Kepler’s Second Law: If one constructs an imaginary line between the Sun and a planet, this line will sweep out equal areas in equal times, so that planets will move faster the nearer they are to the Sun and likewise move more slowly the further they are from the Sun (Figure 14).
Figure 15. Kepler’s 2nd and 3rd Laws. a) Kepler’s 2nd Law states that a line between a planet and the Sun sweeps out equal areas in equal times. The shaded areas represent equal areas and therefore equal time intervals as a planet orbits with the Sun at one focus. b) Kepler’s 3rd Law implies that the more distant a planet is from the Sun the more slowly it will move in its orbit. This diagram indicates the distance that each planet moves in one year. From http://en.wikipedia.org/wiki/Kepler's_laws_of_planetary_motion 59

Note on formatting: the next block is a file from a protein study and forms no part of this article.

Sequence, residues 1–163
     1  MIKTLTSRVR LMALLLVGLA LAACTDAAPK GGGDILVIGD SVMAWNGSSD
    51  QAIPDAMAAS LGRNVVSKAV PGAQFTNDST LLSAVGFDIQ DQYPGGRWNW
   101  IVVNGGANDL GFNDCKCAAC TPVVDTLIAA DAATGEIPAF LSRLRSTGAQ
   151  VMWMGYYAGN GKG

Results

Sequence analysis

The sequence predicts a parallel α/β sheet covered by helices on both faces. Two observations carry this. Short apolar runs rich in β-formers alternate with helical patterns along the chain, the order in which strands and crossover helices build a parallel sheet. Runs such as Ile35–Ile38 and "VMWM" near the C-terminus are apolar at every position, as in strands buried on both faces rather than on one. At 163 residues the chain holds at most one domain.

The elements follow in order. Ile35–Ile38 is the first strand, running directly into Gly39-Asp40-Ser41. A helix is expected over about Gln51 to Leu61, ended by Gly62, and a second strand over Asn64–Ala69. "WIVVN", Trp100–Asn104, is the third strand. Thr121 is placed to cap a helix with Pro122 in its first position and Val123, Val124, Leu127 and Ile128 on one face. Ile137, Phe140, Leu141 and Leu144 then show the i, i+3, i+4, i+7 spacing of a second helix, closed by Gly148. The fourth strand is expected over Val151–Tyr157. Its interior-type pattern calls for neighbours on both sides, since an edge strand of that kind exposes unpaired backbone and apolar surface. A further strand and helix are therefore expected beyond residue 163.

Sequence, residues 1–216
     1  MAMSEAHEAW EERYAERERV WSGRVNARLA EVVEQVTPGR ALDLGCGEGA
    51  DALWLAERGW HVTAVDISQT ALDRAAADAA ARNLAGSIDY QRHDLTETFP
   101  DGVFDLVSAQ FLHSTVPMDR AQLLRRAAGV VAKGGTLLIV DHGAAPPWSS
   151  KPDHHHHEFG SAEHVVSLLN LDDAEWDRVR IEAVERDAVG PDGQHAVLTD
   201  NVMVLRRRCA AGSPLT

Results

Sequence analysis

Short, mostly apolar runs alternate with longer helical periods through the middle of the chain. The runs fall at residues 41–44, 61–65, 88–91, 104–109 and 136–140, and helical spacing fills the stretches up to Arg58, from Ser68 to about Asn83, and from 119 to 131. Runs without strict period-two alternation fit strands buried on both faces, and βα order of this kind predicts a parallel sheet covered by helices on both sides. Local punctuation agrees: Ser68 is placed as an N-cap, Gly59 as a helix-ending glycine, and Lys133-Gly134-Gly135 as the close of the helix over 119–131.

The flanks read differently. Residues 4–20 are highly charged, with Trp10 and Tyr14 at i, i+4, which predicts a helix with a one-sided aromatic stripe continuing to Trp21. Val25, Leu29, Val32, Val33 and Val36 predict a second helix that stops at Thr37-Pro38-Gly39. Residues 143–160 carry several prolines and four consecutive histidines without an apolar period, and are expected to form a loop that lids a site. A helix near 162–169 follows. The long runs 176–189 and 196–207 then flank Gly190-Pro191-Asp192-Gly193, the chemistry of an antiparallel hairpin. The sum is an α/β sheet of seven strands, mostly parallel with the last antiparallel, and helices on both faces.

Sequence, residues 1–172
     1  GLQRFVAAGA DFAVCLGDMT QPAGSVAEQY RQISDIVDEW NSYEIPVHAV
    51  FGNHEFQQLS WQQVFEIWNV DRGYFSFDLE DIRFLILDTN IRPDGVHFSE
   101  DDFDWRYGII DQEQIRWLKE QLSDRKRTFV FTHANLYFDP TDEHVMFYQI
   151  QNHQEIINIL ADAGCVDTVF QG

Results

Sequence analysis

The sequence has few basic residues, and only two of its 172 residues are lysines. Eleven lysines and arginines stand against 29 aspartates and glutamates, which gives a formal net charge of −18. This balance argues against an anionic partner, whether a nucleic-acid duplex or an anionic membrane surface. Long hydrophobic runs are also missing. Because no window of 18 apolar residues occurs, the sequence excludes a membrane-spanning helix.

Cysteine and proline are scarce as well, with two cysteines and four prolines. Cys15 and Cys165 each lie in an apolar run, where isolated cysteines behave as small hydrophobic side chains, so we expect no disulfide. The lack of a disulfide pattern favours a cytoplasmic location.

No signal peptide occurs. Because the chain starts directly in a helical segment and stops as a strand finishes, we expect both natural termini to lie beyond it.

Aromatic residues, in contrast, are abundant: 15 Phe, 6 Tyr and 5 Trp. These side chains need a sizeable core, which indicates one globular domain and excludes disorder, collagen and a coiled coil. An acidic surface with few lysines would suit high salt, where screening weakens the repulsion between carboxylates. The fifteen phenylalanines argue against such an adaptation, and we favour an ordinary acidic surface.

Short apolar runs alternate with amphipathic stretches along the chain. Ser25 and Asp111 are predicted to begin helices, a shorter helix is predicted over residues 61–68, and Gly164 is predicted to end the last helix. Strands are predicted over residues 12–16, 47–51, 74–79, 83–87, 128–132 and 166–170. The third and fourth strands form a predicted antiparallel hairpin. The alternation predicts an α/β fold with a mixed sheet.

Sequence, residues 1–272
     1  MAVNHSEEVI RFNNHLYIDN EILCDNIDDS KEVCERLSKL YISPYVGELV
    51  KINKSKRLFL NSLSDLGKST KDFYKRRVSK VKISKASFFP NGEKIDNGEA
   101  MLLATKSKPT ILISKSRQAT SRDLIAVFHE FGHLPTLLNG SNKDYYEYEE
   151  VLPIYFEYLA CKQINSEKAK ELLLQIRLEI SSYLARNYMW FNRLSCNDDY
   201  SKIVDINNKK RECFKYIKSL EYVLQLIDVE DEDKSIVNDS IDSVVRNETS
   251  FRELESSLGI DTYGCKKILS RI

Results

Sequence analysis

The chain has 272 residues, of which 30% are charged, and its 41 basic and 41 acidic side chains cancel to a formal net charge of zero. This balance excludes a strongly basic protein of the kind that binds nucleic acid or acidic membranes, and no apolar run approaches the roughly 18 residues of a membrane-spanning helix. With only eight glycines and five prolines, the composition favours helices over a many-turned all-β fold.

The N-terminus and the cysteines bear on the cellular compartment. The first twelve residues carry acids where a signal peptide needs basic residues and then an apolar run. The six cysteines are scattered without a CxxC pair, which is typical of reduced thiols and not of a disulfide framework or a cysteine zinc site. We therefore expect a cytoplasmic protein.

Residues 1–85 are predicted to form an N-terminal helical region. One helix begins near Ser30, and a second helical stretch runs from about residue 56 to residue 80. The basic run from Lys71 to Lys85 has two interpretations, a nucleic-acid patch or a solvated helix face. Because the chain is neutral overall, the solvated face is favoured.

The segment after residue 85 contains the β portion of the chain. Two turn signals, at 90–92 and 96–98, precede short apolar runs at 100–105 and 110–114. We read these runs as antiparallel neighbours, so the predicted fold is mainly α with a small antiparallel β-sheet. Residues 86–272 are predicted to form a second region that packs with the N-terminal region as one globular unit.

Kepler’s Third Law: There is a relationship between the period of a planet’s orbit and its average distance from the Sun. The square of the period is proportional to the cube of the mean radius, or P2 = ka3, where k is a constant. An example is the orbital radius and distance compared with that of the Earth. The Earth’s period is one year and its distance is defined as 1 Astronomical Unit (A.U.). For the Earth, k in the Third Law is one, since 12 = 13, but only for these units of measurement. We can use this Third Law to compute the orbital period of Mars, which has a mean distance of 5 A.U. from the Sun. P2 = 53 years2 = 125. Therefore the orbital period of Mars equals 11.3 years (11.32 125).
The development of Kepler’s three laws was an intellectual landmark in the development of astronomy. The reign of perfect circular orbits came to an end, as did the concept of the Earth’s privileged position as the center of the Universe.
WebVideo: Kepler’s Laws http://www.youtube.com/watch?v=GcKiG-CuvtA